Unification of China by Qin

By REN ZHIYU / 07-06-2023 / Chinese Social Sciences Today

FILE PHOTO: A stamp with images of the Liye bamboo slips of the Qin Dynasty

It is widely acknowledged that the “Great Unification” in Chinese history commenced during the Qin Dynasty (221–207 BCE). In 221 BCE, the Qin wars of conquest brought an end to the Warring States Period, a tumultuous era marked by warfare and fragmentation, resulting in the annexation of all rival states.

King Zheng of Qin (259–210 BCE), later known as Qin Shi Huang, established the first centralized multi-ethnic country in Chinese history. The Qin abolished all the vassal states that had existed throughout the preceding Xia, Shang and Western Zhou dynasties, and established a two-tier local administrative system known as jun-xian system, which had served as a model for government throughout the history of imperial China. In order to consolidate his power, Qin Shi Huang standardized writing, a crucial measure to overcome cultural barriers between different regions. He also standardized systems of currency, weights, measures, and legal codes, which had previously exhibited variations across the vassal states. These practices, along with the jun-xian system, played a crucial role in the “Great Unification” of China for over 2,000 years.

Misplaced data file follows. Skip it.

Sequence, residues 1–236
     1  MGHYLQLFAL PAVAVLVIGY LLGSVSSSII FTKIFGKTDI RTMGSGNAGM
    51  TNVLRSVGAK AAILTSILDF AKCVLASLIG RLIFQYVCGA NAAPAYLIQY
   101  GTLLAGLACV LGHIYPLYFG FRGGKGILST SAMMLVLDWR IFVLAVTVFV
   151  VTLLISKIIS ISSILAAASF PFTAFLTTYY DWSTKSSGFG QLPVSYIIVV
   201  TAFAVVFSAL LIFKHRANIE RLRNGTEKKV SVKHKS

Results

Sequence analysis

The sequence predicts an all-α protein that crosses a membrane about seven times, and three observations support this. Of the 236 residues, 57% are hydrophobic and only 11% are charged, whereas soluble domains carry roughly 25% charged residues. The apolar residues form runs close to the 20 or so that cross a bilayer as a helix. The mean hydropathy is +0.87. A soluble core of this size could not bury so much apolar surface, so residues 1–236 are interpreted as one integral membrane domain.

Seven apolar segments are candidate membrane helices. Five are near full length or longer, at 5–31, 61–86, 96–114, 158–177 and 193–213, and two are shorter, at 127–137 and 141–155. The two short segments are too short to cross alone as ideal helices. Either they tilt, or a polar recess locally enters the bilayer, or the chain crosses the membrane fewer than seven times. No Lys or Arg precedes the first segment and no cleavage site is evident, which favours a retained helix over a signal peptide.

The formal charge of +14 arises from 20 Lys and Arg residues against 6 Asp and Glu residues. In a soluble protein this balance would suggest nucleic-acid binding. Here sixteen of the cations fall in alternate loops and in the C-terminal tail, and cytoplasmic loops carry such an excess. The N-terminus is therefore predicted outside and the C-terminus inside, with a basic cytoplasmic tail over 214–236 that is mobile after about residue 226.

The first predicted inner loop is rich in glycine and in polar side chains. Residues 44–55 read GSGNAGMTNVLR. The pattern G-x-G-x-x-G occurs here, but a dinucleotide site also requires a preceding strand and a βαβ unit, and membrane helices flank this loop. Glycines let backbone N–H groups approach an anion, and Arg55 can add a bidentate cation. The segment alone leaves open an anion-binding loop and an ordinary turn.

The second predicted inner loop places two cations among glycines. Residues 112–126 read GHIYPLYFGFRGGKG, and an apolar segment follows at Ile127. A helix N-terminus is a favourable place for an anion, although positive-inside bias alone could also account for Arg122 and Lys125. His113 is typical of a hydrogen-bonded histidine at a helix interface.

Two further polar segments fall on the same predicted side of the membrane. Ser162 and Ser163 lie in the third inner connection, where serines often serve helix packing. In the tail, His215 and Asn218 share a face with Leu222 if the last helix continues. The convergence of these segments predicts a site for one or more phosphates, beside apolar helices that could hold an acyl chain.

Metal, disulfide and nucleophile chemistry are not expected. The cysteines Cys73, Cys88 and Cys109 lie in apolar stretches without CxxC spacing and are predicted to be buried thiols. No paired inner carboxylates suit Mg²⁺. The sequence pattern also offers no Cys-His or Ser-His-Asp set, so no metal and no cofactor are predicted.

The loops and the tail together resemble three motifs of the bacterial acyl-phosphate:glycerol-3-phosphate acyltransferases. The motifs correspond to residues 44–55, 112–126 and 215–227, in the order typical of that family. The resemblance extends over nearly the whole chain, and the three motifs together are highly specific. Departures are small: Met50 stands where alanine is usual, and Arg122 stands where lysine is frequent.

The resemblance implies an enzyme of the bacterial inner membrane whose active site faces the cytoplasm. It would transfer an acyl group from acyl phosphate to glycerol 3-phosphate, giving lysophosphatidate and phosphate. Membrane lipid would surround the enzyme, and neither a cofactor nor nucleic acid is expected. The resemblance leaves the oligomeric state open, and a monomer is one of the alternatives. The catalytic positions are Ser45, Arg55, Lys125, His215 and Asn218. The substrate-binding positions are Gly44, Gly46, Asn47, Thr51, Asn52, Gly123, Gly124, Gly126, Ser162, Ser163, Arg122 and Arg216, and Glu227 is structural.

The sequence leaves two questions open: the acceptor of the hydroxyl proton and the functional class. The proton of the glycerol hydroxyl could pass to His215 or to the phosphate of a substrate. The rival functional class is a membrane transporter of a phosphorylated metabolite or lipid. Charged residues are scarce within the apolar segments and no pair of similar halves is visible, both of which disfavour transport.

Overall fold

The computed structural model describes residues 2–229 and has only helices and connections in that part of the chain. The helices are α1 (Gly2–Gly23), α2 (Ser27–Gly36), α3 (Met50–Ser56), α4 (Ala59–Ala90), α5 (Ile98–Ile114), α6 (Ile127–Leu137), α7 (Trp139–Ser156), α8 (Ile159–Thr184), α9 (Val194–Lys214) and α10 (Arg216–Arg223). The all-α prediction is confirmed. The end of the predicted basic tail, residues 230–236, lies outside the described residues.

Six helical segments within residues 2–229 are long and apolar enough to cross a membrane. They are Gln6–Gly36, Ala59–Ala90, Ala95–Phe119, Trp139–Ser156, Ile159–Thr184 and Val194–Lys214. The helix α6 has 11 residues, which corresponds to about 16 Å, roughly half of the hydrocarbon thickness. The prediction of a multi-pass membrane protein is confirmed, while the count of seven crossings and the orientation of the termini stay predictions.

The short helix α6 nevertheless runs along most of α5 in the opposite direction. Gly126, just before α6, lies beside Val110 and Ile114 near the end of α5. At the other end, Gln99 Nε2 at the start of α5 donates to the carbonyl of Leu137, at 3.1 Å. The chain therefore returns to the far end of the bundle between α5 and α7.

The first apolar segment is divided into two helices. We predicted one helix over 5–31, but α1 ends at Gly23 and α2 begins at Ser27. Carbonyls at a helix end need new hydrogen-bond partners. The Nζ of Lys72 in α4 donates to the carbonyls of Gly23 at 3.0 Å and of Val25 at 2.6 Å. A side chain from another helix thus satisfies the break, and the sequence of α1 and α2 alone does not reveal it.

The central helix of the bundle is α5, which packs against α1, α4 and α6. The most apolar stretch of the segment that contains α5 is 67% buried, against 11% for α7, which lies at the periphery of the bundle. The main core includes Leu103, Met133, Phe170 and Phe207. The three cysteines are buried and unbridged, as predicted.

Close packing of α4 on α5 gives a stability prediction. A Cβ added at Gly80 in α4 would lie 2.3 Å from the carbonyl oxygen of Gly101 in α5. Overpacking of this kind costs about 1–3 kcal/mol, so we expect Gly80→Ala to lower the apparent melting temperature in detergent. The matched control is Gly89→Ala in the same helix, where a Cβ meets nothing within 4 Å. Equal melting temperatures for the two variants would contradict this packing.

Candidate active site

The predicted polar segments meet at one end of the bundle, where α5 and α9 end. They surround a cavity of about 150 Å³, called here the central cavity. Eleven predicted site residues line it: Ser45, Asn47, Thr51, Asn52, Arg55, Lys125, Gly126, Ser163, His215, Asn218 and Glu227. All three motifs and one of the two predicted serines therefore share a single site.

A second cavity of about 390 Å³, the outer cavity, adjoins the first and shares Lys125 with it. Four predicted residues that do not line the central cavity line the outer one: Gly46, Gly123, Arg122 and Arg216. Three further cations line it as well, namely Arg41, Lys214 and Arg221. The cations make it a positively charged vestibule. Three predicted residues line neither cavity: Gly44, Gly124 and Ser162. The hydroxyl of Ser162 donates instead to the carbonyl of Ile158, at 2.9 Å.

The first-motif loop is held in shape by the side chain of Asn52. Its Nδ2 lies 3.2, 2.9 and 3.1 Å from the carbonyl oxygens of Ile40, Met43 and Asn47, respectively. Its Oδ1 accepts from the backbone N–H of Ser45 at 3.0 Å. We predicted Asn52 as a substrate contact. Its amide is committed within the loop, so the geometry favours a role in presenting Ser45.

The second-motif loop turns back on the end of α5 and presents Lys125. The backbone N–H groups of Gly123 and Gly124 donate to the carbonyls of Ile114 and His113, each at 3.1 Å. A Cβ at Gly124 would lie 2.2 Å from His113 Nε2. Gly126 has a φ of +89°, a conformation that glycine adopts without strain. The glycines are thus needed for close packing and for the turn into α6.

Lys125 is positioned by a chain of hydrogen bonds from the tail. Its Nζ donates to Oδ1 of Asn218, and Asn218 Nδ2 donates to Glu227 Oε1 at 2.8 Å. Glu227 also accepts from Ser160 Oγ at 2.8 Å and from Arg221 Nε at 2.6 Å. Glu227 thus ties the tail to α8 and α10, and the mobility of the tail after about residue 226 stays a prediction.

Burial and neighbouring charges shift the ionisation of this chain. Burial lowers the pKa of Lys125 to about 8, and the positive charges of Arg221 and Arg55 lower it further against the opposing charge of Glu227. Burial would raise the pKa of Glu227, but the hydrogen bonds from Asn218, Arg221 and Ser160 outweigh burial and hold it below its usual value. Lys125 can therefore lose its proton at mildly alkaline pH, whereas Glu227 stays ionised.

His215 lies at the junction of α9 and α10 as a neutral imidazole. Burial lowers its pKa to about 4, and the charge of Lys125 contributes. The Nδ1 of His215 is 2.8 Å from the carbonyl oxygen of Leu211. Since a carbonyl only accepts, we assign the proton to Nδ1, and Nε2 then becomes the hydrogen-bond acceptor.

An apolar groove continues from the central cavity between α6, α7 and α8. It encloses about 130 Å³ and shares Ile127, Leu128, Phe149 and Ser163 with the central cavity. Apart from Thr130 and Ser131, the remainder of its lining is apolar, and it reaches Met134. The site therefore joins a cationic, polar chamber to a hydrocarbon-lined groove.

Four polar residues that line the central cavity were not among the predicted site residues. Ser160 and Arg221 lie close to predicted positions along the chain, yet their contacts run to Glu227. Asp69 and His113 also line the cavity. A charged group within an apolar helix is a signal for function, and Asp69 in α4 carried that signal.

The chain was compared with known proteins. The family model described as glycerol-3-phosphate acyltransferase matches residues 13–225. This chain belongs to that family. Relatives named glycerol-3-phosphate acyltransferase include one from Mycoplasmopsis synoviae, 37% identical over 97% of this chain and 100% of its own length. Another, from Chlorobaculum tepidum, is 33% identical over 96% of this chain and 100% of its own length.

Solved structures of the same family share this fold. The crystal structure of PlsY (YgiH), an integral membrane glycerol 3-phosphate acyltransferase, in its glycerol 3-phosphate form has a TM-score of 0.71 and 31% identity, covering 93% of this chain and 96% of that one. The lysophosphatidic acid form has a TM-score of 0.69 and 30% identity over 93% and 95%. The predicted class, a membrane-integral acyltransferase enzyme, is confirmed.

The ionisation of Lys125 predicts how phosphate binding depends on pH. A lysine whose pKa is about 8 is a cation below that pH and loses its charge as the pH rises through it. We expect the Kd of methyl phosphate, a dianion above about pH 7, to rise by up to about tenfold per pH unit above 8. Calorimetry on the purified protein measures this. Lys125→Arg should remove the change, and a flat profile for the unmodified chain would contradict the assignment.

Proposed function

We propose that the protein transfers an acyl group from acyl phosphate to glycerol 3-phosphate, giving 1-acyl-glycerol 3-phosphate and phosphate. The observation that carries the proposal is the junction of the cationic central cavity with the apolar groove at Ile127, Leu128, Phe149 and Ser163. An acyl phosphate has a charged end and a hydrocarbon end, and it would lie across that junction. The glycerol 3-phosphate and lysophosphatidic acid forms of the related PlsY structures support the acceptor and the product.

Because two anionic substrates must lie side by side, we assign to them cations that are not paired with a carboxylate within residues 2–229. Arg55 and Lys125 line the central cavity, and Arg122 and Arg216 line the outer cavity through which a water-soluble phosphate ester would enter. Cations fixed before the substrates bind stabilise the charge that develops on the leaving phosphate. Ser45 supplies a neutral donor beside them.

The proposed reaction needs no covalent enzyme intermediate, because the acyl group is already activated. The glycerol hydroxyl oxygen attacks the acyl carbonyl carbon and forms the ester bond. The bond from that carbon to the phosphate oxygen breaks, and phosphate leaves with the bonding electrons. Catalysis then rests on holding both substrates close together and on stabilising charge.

Although the Qin was a short-lived dynasty, it had a profound influence on Chinese history. After the fall of Qin, imperial China continued to develop for over 2000 years. Though political systems of different dynasties varied, certain core principles remained unchanged. In a sense, the institutional traditions that have evolved and accumulated throughout Chinese history consist of a unified multi-ethnic country, a centralized administration, a county-based local governance system, a largely unchanged writing system, and ritual codes that have been passed down through generations.